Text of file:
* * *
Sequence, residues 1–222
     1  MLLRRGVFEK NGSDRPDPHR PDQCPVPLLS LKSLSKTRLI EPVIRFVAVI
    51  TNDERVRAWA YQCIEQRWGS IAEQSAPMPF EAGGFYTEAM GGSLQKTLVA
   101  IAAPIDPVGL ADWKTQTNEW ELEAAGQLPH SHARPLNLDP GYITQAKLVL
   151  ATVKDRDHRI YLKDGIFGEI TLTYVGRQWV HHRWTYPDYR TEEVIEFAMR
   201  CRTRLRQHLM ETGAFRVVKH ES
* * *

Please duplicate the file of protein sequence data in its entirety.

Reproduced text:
Sequence, residues 1–222
     1  MLLRRGVFEK NGSDRPDPHR PDQCPVPLLS LKSLSKTRLI EPVIRFVAVI
    51  TNDERVRAWA YQCIEQRWGS IAEQSAPMPF EAGGFYTEAM GGSLQKTLVA
   101  IAAPIDPVGL ADWKTQTNEW ELEAAGQLPH SHARPLNLDP GYITQAKLVL
   151  ATVKDRDHRI YLKDGIFGEI TLTYVGRQWV HHRWTYPDYR TEEVIEFAMR
   201  CRTRLRQHLM ETGAFRVVKH ES